Kissinger Lake: the history of Camp 3

Hidden not far from here lies the small but beautiful Kissinger Lake.

Today the Kissinger Lake area is used by campers and boaters and other outdoor enthusiasts unlike the days when the same area was a logging camp and community. Seen on the left is the railway bed that winds its way along the lake shore to it’s destination at Kissinger where it picked up then transported logs out of the valley. With no road into the area until 1956

Today the Kissinger Lake area is used by campers and boaters and other outdoor enthusiasts unlike the days when the same area was a logging camp and community. Seen on the left is the railway bed that winds its way along the lake shore to it’s destination at Kissinger where it picked up then transported logs out of the valley. With no road into the area until 1956

Hidden not far from here lies the small but beautiful Kissinger Lake. Today the lake, which is situated at the west end of Cowichan Lake, is a magnet for many who like camping, canoeing, boating (electric motors only), swimming, exploring, biking, and hiking. Run by TimberWest, the Kissinger campsite is easily accessible from either side of the lake, unlike the early days when the area was a remote logging camp.

During the 1920s and ’30s Island Lumber Company leased holdings from Cowichan Lumber Company. John D. Kissinger was president at the time, prompting the camp to be named Kissinger. According to the 2005 book, Caycuse Memories, the Canadian National Railway laid steel to Kissinger in 1928 thus enabling 5 million feet of timber a month to be shipped out. Island Logging then constructed a logging railway camp at Kissinger, complete with the most modern machinery then available. By 1929 there were close to 200 loggers working at the camp, which temporarily closed in 1931 (during the Depression).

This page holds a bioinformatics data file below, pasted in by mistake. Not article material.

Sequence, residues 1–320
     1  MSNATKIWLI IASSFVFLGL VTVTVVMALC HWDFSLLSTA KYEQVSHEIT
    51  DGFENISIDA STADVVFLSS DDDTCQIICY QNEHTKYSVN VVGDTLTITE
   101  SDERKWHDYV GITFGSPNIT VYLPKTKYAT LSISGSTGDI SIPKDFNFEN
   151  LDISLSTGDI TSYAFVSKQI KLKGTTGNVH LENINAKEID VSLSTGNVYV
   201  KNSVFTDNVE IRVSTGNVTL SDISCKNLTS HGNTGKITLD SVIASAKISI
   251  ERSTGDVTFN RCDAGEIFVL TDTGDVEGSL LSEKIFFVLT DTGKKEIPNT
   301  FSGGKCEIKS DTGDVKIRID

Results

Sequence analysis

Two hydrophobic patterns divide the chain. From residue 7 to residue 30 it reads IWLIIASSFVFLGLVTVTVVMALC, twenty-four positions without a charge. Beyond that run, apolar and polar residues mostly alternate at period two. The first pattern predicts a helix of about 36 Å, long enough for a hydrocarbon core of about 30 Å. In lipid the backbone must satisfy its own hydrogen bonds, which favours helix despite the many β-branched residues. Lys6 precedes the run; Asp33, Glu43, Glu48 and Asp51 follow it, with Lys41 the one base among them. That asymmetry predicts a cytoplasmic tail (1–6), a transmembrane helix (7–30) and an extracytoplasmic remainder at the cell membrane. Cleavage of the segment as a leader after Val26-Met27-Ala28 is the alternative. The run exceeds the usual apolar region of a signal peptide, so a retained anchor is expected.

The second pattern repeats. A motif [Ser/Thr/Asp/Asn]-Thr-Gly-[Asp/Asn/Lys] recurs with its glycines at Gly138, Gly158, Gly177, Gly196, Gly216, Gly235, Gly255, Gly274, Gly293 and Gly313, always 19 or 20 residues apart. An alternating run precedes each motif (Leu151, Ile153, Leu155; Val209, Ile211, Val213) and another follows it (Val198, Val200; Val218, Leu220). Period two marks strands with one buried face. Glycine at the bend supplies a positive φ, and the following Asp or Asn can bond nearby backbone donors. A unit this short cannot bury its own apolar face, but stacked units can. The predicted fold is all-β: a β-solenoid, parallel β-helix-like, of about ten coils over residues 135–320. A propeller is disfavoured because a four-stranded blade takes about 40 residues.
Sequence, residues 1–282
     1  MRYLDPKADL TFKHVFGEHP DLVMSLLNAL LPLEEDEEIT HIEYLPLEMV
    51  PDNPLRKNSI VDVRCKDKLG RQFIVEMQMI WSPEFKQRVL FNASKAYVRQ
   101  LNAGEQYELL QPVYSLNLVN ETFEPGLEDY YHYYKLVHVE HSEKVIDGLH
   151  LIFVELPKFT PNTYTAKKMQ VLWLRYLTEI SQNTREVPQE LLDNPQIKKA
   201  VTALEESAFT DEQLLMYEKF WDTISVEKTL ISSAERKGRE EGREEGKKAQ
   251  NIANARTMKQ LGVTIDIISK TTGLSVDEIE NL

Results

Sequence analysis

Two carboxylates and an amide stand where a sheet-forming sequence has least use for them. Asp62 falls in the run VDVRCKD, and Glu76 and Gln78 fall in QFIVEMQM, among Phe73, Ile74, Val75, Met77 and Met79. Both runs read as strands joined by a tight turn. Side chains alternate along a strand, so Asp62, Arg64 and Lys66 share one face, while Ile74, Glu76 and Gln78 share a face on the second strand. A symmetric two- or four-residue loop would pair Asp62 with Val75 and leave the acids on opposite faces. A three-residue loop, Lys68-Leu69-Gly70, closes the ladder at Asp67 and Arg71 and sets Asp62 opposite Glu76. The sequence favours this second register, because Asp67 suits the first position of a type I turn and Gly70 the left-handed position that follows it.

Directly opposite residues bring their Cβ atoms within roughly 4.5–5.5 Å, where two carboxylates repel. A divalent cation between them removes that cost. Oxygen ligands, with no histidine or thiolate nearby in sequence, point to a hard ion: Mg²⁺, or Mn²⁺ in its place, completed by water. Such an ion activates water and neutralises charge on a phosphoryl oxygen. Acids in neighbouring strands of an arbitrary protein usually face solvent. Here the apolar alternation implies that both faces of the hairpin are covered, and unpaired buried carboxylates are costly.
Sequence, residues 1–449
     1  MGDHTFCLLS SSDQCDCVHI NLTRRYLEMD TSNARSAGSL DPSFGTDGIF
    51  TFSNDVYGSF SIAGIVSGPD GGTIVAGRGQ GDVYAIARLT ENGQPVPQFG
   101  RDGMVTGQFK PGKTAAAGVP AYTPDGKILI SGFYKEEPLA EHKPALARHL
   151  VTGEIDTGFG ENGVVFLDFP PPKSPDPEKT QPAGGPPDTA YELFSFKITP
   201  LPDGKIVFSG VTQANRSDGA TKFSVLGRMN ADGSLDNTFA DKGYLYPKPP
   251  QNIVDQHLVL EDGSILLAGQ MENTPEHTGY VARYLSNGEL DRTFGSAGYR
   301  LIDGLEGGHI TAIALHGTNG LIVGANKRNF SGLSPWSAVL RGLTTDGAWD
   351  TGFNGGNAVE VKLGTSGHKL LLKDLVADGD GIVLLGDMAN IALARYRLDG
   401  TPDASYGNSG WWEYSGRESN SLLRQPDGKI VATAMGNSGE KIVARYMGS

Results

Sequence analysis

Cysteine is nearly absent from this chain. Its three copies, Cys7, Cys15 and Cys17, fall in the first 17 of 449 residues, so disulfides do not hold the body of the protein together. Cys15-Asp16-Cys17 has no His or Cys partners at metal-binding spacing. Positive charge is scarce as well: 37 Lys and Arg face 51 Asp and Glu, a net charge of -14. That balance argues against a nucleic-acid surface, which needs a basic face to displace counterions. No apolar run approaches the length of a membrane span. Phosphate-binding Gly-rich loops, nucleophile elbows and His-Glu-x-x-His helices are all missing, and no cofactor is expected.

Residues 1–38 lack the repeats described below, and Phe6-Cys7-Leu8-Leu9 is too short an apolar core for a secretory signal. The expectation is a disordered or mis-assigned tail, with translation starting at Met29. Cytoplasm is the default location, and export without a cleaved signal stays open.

In 1934, Kissinger, by then called Camp 3, re-opened and was taken over by Industrial Lumber Mills Co. (ITM) who also operated the ITM lumber mill at Youbou.  In 1937, Camp 3 (still referred to as Kissinger by locals) had brought in a school to accommodate the children of the 20 families that lived in camp. Within the next few years, a dozen or so float houses were brought to the head of Cowichan Lake. These houses were for additional employees and their families, bringing the total population to 47 families plus the many Chinese employees who lived in the company owned bunkhouses.

Rail service to Kissinger stopped in the mid 1940s with the rails then being leased to ITM and later British Columbia Forest Products (BCFP) who took over the operation about 1946.

Over the following years Camp 3 grew in size and population — building a community hall, new school and several new modern bunkhouses. Sports teams, a Junior Forest Warden group, a first aid team and other social groups were formed. Later a mobile library stopped at Kissinger twice a week, church services were held in the old school, and the Nitinat Trap and Gun Club was formed. A road to Caycuse was opened in 1956 two years prior to the permanent closure of Camp 3.  In 1985, the camp was razed leaving barely a sign that the logging camp/community had ever existed.

 

 

Research: Kissinger article, Caycuse Memories, and Kissinger Lake Campsite website.